Nurses often left out of error disclosure process, report finds

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Nurses frequently do not play a role in telling patients about serious medical errors, according to a recently released Joint Commission report. 

Hospital nurses surveyed for the report indicated that, while they are reluctant to independently disclose serious medical errors to patients, they would like a larger role in the disclosure process. Due to a nurse's important role in the overall care of a patient, study authors suggest the nurse's absence from the error disclosure process could lessen the quality of the disclosure experience for the patient. According to the report, nurses who are uninformed about a serious medical error may seem evasive or appear to stall when asked a question by a patient or family member.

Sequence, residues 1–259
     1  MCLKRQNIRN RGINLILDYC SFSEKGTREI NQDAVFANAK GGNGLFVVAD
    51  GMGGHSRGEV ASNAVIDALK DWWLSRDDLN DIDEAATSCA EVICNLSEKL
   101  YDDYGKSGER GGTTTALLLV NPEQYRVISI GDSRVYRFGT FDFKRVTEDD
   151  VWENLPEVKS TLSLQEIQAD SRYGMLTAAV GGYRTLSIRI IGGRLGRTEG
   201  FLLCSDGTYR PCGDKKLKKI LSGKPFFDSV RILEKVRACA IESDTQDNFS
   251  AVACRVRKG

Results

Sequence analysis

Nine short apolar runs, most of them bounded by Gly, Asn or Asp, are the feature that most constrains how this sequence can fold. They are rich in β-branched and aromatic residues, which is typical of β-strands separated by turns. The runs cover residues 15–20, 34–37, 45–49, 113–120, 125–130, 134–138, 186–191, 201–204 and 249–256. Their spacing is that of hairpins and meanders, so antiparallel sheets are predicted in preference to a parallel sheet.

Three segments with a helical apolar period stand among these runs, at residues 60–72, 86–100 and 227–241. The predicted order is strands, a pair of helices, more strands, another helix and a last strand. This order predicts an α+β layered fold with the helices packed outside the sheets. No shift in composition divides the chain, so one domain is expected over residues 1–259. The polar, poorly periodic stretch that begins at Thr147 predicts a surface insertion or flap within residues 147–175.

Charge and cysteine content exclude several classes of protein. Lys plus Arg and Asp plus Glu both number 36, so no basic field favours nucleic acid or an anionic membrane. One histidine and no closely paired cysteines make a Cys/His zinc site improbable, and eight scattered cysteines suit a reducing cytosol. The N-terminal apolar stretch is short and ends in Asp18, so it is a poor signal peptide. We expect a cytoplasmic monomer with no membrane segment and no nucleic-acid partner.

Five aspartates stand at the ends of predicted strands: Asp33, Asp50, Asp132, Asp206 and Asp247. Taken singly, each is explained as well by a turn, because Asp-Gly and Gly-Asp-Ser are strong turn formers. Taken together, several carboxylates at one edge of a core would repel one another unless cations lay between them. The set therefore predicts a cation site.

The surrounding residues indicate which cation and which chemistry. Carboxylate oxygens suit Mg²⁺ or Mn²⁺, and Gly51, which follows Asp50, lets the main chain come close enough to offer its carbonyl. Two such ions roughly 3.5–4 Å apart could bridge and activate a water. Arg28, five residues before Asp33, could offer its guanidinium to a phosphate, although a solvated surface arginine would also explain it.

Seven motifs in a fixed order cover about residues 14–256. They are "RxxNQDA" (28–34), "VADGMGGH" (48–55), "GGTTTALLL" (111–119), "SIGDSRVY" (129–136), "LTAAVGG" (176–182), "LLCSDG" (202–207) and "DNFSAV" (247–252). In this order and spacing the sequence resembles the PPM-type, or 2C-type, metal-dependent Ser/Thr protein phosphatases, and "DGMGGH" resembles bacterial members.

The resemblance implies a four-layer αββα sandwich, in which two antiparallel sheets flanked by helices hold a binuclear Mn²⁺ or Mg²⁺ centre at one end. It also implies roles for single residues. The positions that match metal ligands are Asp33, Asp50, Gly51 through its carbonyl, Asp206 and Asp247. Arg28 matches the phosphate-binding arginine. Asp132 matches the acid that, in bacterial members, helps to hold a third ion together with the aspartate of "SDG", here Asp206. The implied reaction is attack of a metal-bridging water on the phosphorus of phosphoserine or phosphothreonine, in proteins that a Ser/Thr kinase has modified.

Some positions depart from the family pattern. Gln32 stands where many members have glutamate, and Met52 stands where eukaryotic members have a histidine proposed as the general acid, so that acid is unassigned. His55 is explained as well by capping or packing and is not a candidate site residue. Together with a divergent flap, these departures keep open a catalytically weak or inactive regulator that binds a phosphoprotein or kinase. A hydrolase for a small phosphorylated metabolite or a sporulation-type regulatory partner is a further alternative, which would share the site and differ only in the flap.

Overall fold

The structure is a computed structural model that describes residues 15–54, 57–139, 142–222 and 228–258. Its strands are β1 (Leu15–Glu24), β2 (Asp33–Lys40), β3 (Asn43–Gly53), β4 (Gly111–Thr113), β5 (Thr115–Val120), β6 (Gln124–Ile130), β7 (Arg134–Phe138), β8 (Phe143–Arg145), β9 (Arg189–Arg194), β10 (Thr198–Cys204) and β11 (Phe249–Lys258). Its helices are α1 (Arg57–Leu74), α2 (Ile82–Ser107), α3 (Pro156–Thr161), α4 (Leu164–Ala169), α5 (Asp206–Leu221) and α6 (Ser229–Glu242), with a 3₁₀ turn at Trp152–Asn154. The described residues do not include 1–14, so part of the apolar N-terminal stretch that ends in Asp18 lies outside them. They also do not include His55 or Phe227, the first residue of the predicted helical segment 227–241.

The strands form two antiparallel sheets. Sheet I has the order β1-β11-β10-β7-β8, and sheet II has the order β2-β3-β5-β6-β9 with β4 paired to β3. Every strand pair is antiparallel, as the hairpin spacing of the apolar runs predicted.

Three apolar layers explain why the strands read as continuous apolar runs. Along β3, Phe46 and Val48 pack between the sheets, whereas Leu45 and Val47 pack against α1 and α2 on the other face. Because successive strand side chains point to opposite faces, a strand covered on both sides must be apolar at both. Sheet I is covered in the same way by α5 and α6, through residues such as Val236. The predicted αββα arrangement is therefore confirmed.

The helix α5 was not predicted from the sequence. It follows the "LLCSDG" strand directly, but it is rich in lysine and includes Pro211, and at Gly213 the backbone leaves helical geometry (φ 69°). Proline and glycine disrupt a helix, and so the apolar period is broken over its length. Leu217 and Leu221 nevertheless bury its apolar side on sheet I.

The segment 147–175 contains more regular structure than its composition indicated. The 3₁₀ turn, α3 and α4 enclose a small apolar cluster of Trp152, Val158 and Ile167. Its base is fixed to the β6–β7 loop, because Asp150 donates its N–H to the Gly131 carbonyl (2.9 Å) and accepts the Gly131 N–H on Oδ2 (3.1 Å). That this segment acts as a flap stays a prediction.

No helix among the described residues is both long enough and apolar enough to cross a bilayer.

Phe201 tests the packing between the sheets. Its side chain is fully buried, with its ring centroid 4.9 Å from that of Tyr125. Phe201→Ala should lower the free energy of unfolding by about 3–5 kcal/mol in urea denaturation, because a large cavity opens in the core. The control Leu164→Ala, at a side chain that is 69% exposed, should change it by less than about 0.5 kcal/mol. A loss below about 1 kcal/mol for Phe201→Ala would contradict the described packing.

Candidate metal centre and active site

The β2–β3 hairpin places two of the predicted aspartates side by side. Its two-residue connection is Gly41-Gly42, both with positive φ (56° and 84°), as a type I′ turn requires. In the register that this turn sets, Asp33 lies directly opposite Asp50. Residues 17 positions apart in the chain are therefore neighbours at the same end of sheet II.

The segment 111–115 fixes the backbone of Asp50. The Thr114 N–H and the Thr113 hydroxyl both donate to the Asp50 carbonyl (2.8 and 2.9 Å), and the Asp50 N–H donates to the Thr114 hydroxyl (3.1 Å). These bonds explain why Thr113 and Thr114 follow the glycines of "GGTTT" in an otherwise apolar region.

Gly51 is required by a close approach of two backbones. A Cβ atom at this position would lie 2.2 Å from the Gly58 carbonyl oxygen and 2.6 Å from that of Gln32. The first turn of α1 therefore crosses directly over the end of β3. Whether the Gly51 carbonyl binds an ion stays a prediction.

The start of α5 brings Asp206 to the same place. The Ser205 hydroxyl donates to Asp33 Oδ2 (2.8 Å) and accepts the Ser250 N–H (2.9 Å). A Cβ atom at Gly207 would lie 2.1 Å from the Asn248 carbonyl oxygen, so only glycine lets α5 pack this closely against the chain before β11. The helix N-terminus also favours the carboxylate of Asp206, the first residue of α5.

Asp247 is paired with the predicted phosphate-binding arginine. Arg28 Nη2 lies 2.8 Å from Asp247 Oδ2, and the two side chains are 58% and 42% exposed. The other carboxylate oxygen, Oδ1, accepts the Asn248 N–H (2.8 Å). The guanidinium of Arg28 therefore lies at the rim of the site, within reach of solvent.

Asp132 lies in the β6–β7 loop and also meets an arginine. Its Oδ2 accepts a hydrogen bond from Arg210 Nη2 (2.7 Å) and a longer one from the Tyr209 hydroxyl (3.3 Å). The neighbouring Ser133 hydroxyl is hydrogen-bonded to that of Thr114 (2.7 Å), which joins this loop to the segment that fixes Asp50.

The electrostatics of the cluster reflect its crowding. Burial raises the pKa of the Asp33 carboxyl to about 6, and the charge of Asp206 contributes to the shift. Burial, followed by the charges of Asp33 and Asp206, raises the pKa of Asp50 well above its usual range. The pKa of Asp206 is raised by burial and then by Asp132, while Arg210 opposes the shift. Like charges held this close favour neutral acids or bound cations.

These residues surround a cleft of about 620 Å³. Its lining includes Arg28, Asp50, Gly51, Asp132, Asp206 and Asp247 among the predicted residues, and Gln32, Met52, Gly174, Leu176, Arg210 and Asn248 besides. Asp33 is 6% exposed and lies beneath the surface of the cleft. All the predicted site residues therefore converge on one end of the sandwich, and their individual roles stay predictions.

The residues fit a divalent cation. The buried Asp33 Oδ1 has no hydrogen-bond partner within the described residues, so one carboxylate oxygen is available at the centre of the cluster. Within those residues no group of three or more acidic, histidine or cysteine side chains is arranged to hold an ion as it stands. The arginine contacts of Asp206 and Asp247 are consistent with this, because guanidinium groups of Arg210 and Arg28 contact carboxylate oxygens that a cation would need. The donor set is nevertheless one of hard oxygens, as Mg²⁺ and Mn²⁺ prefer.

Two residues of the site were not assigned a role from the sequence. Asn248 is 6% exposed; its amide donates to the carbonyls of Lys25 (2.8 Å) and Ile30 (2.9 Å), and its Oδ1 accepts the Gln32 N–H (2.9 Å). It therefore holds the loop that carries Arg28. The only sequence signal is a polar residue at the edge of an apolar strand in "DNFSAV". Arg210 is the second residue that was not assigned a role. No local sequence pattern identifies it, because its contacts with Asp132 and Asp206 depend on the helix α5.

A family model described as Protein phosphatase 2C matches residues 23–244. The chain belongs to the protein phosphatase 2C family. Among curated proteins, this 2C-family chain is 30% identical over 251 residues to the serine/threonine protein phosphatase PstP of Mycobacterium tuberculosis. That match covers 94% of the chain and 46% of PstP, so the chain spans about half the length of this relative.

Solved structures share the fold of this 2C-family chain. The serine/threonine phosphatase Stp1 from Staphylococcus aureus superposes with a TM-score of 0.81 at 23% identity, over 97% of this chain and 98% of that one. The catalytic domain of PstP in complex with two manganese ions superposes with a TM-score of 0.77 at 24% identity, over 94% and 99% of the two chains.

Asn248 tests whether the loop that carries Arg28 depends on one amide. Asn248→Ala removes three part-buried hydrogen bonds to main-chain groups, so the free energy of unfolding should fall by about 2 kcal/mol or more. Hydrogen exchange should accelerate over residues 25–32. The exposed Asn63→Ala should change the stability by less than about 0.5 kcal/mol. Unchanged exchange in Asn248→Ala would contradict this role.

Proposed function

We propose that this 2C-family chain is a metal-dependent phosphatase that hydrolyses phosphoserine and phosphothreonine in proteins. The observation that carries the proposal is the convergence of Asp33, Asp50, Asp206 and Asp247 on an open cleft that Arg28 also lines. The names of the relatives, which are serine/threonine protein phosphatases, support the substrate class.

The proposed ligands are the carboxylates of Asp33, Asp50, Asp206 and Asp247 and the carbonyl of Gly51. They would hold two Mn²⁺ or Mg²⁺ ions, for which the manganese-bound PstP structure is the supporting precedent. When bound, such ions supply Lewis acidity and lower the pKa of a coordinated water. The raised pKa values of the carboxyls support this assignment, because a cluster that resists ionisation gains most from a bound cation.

Study authors indicate that not being involved in this aspect of care could lead to increased job dissatisfaction, job turnover rates and moral distress. Additional training in the area of error disclosure could help improve quality of care and nurse job satisfaction, the authors suggest.

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